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3 Qualities Driving Growth & Adoption of Service Design

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Jan 15 2013, Posted by Florian Vollmer

As evident in the presentations and discourse I participated in during the Global Service Design Network Conference 2012 in Paris, France, Service Design (SD) is maturing as a professional discipline. Service Design is the activity of planning and organizing people, infrastructure, communication and material components of a service in order to improve its quality and the interaction between service provider and customers. The purpose of Service Design methodologies is to design according to the needs of customers or participants, so that the service is user-friendly, competitive and relevant to the customers. The backbone of this process is to understand the behavior of the customers, their needs and motivations.

A little history. In 1991, Service Design was first introduced as a design discipline by Professor Dr. Michael Erlhoff at Köln International School of Design (KISD) at The Cologne University of Applied Sciences in Cologne, Germany, and Professor Birgit Mager has played an integral role for developing the study of Service Design at KISD in later days. Naturally, the adoption of service design as a practice first began in Europe and is now spreading to other continents.

The definition of Service Design is becoming more consistent, according to Professor Mager, and she describes Service Design as being useful, usable, and desirable for the user as well as being efficient, effective and different for the provider.

Moving the discussion from the interface to the system, and now to the strategy level indicates further maturing. Service Design can only be possible with an understanding of and a willingness to create organizational change.

Getting to that level of organizational change has the discipline focusing on the psychological dimension of Service Design. The designer is more understood as a facilitator of empathy, collaboration, commonality and shared values.

The future of Service Design is greatly influenced by the ever-growing complexity in our world: mobile technology, sensors, and natural interfaces will change the way we innovate and deliver services. Much like the layers of reality enabled by mobile data today, these technologies profoundly impact our future – and enable a world of opportunity for the responsible service designer.

True innovation in services is also driven by another key development: the establishment of a shared language and consistent methodologies, which enables cross-functional teams to collaborate more effectively.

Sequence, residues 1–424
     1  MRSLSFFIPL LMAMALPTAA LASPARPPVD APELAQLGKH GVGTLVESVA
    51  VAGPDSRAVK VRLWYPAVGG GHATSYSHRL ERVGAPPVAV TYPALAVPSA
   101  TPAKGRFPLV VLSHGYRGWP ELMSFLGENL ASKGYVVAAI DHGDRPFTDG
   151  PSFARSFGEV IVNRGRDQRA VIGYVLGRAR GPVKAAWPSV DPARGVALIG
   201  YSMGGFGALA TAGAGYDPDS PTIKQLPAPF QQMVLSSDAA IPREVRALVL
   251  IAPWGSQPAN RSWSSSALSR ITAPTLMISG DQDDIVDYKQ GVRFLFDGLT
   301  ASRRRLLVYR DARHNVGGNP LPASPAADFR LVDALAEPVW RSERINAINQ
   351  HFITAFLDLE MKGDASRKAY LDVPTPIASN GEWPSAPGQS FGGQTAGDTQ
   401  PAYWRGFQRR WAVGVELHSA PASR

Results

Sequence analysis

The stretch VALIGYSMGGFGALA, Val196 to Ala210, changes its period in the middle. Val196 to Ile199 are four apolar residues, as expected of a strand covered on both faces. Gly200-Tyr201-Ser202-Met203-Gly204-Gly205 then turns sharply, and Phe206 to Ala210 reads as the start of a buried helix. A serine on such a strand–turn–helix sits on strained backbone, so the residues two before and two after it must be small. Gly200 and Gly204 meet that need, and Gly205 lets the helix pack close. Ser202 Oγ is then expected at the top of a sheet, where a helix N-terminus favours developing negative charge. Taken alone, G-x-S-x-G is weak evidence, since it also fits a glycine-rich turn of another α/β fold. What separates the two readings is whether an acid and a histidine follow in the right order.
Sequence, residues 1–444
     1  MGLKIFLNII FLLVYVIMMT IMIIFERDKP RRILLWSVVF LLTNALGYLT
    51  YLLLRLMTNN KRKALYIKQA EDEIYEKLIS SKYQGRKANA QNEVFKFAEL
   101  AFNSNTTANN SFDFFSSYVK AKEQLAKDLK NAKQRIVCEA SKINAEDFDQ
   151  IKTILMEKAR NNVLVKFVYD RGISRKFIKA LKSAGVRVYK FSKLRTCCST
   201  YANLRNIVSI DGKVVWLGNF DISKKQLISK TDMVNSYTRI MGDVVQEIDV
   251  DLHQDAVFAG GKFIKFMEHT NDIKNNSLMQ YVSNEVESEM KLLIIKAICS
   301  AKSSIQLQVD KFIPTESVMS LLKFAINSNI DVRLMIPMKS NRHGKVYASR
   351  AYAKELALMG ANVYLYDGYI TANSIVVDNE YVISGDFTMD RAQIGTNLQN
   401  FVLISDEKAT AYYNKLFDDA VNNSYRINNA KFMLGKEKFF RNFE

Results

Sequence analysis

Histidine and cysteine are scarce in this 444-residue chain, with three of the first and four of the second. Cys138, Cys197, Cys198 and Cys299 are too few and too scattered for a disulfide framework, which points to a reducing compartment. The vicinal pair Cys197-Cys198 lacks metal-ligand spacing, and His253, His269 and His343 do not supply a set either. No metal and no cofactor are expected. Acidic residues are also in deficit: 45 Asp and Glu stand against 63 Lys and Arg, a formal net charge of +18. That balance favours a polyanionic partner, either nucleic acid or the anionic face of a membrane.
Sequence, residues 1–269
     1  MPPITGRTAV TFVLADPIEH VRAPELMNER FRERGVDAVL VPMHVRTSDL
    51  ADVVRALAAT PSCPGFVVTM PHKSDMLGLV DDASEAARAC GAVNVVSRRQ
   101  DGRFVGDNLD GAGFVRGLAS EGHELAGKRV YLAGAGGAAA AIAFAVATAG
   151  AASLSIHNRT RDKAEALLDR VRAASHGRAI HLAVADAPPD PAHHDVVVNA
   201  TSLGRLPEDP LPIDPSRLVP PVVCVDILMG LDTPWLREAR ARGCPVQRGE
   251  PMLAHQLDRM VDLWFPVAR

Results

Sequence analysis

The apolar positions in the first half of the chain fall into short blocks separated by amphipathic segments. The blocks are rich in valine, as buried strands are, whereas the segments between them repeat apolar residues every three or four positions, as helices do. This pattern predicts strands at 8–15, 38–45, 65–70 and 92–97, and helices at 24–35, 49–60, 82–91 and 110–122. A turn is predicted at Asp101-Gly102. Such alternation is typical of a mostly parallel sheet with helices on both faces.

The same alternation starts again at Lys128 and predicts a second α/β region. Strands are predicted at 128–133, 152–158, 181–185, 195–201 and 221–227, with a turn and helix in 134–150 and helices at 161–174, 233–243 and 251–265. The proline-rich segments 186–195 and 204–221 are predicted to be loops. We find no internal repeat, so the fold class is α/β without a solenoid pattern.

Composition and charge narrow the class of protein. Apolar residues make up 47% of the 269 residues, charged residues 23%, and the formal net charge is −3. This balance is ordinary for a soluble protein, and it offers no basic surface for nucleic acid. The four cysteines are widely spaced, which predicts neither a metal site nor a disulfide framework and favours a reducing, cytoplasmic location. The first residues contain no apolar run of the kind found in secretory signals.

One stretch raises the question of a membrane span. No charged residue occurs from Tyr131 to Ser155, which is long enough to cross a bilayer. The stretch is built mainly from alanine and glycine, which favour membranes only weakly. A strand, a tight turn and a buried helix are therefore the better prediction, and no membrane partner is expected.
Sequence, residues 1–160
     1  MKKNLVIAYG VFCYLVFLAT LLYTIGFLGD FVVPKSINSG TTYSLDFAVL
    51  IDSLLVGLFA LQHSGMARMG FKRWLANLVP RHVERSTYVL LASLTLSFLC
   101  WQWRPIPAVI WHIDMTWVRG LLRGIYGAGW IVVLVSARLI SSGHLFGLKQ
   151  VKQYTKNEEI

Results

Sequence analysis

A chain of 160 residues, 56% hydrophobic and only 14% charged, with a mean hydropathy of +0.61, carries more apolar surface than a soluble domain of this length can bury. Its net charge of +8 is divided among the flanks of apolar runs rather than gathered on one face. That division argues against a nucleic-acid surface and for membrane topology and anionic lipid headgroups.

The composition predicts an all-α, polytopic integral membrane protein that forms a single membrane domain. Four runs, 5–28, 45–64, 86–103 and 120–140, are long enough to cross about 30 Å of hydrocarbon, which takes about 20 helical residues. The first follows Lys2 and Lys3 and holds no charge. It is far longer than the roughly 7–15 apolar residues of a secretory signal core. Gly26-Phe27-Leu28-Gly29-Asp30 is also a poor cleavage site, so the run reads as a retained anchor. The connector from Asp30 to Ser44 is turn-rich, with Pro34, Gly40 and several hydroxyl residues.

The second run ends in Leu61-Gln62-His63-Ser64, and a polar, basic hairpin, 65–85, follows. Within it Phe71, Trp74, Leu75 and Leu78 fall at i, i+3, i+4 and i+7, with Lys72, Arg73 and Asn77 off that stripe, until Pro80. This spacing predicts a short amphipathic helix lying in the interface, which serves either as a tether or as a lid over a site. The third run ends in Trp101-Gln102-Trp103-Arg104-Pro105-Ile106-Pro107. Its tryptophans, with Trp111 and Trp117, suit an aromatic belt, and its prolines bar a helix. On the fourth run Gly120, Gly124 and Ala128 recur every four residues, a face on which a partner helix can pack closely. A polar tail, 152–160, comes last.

In the search for providing meaningful, valuable customer experiences, the industry is also seeing leading brands re-appropriate marketing funds towards Service Design initiatives.

Service Design has seen rapid adoption in Europe over the last few years, and we are beginning to experience rapid adoption across Asia and America now. As corporations and consultants focus on the business imperative of positive, meaningful experiences, the profession of Service Design is poised to take a lead role in activating this strategic shift.

Three key qualities of service design will drive that change:

  • Unlike research houses, agencies, or even small consultancies, the responsible Service Design firm takes engagements across a holistic spectrum from initial observations and insight to strategic planning. From execution planning to managing and supporting the execution. Intrinsic Service Design is the notion of continuous improvement and iteration (something the software world learned a long, long time ago – and arguably has led a revolution of the user experience and subsequently entire industries). Leading practitioners and stakeholders collaborate to take on that joint responsibility to plan and execute for lasting relevance.
  • Unlike a designer or team focusing on just improving the customer experience, the responsible Service Design provider also focuses on designing for all stakeholders, end customers and corporate players alike. That focus on the entire system positions Service Design uniquely and directly at the intersection of business and design.
  • The Service Design community embraces open sharing of methods and tools in order to further the development of the field and the establishment of a shared language and processes. It also embraces open and free collaboration with hackathon-style jams, with Global Service Jam finding practitioners, clients, and interested people openly and freely collaborating simply out of a shared interest in a young discipline. Info Retail is excited to host Atlanta area professionals to participate in Global Service Jam, March 1-3, 2013.

 
For more information about the Service Design Network:
http://www.service-design-network.org/
 
For more information about Global Service Jam:
http://www.globalservicejam.org/content/see-you-1-3-march-2013

 

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